Why Forests? A Look into Domini’s Forest Project

September 23, 2020

Forests are a fundamental part of all our lives. While you may not take notice of them every day, if they were to suddenly disappear, how would you feel? Imagine never again having the opportunity to hike through the green understory or the loss of the annual changing of the colors of the leaves every fall.

Without forests, we will lose products we use every day, homes for many people and animals, climate regulation services, and the intrinsic value that trees bring to all the living beings of this world.

So, why are we destroying them? Why are we as consumers, investors, and members of this planet so uncommitted to ending deforestation? In Indonesia, the Islands of Borneo and Sumatra have already lost 85% of their forest cover – in fact, every minute, an area of forest equivalent to 27 soccer fields is lost globally. 1 Facts like these are hard to believe, and they’ve driven us at Domini to dedicate ourselves to search not only for answers to these questions, but also for solutions.

Why focus on forests? For the last eighteen months, we’ve committed ourselves to understanding the drivers of forest destruction, its impact on our investment decisions and the long-term performance of our investments, and how we can encourage stakeholders, such as ourselves, corporations and governments, to become Forest Value Creators .

Important Forest Facts

The total loss of forests will be felt by everybody. If tropical deforestation were a country, it would be ranked third in the world for carbon emissions. 2 Simultaneously, forests could play a big role in combating climate change: it is estimated that protecting and restoring forests has three-quarters as much climate mitigation potential as all renewable energy technologies combined. 3 Preservation is key as reforested areas can require more than a century to recapture the same amount of carbon that was stored in a primary forest. 4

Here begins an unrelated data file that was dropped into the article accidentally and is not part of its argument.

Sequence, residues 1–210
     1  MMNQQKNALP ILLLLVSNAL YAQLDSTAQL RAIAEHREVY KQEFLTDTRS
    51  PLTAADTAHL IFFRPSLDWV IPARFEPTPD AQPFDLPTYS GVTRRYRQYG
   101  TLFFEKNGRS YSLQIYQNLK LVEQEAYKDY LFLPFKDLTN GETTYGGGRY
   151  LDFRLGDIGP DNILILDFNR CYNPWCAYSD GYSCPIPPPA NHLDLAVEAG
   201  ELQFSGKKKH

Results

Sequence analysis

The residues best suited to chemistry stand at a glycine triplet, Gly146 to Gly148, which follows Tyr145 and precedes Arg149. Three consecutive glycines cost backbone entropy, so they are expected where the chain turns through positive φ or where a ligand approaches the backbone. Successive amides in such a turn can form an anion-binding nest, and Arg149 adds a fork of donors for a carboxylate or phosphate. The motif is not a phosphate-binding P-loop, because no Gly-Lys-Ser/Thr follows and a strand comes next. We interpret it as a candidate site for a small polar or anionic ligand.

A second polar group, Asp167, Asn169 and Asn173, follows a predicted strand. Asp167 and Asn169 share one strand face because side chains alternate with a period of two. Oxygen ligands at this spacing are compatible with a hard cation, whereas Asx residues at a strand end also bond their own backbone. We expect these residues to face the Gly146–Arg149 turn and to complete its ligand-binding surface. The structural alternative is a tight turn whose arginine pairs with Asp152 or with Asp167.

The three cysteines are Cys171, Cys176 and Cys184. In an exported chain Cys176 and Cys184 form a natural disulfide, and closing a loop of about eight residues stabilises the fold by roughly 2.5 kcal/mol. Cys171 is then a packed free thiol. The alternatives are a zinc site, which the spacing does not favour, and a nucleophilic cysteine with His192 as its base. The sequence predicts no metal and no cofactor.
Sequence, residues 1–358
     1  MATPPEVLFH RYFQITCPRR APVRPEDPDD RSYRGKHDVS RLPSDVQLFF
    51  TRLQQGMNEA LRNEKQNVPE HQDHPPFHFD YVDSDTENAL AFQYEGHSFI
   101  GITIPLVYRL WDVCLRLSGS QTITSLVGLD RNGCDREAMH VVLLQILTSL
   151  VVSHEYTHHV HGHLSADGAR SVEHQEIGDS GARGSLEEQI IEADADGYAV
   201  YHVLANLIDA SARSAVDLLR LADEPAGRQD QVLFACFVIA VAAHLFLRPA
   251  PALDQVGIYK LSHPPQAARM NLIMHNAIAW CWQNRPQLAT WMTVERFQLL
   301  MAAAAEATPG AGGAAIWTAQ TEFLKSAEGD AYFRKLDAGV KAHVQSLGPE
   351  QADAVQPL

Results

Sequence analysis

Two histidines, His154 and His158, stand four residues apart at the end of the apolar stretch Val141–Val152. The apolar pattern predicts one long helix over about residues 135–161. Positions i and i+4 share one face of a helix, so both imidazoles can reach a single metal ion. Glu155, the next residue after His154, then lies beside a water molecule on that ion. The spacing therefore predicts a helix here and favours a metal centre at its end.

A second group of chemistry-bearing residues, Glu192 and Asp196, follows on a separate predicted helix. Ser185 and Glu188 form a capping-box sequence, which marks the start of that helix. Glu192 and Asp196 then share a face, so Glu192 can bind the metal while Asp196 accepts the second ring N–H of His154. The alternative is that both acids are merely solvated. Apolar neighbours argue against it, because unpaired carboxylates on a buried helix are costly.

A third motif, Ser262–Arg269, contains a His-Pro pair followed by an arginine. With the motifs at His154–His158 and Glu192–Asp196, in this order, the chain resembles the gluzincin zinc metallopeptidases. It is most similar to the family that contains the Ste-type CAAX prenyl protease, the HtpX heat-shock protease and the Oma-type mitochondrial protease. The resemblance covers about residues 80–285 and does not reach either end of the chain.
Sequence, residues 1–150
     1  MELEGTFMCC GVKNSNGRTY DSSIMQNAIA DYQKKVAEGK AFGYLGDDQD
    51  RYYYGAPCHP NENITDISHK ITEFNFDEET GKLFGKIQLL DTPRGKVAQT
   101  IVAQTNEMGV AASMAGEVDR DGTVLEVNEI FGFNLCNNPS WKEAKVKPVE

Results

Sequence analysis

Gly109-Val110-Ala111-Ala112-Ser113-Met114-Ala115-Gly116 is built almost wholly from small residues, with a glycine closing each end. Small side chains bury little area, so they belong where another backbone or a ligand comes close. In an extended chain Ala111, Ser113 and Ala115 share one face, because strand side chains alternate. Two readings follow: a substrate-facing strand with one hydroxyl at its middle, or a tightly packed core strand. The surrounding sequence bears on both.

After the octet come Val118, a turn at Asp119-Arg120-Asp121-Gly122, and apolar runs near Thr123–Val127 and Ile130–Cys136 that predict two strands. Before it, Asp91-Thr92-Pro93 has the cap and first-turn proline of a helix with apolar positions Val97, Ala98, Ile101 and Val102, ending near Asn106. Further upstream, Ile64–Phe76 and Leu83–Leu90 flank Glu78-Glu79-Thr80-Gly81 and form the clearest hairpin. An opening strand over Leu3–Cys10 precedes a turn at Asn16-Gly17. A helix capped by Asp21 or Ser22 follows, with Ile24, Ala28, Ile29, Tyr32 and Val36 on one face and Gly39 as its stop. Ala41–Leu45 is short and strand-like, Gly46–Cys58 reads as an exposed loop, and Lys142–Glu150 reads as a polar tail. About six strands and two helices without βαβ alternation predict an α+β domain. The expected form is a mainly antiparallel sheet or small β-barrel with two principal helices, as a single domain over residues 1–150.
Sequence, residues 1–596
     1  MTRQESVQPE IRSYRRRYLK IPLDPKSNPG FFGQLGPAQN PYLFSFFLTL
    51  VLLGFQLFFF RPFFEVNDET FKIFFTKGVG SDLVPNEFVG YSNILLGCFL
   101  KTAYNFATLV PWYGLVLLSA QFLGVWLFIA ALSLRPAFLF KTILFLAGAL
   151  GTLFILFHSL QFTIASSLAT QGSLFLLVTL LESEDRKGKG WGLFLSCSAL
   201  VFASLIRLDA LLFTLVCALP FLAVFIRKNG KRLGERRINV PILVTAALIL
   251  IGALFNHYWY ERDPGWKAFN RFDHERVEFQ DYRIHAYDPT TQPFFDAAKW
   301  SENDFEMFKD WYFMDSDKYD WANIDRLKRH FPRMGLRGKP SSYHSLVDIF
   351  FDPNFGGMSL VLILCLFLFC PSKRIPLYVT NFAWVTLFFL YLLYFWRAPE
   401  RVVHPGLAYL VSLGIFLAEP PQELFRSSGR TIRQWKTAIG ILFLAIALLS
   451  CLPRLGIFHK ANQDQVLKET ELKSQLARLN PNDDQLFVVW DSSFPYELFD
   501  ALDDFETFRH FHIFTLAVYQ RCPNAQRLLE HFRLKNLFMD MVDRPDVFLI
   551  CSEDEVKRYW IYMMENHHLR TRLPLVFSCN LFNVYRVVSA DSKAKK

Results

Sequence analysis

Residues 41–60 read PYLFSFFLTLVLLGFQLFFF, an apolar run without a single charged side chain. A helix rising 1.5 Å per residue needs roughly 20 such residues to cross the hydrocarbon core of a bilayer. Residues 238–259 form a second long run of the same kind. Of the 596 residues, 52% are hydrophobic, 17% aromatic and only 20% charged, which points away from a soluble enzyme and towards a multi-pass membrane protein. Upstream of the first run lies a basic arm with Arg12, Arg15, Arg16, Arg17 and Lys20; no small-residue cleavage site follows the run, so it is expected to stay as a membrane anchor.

300 million people, including 60 million indigenous inhabitants, and 80% of global terrestrial biodiversity live on forests and forest ecosystems. 5,6,7  As a result, biodiversity on land stands to be severely diminished if forests are gone . 8 Biodiversity loss would also mean forests could not provide many of the ecosystem services we have come to rely on, including production of food, pollination, and medicinal plants used in pharmaceuticals, among others. 9

Right now, forest destruction is driven by unchecked industry producing commodities like palm oil, cattle, soy, wood pulp and paper products, as well as cocoa and rubber. 10  Large corporations are major producers and purchasers of these forest-dependent resources, which are used in everyday products, including food, cosmetics, and animal feed. 11  For example, as of 2020, palm oil made up over 40% of global vegetable oil production and consumption. 12

What is Domini’s Perspective? Our Plan of Action

As we looked deeper into forest value, the effects of its destruction, and its impacts on our investments, we quickly realized we could not move forward without a set of beliefs to guide our actions. The following Forest Beliefs spell out why it’s essential that we address forest work urgently and why we see ourselves as a necessary part of the solution.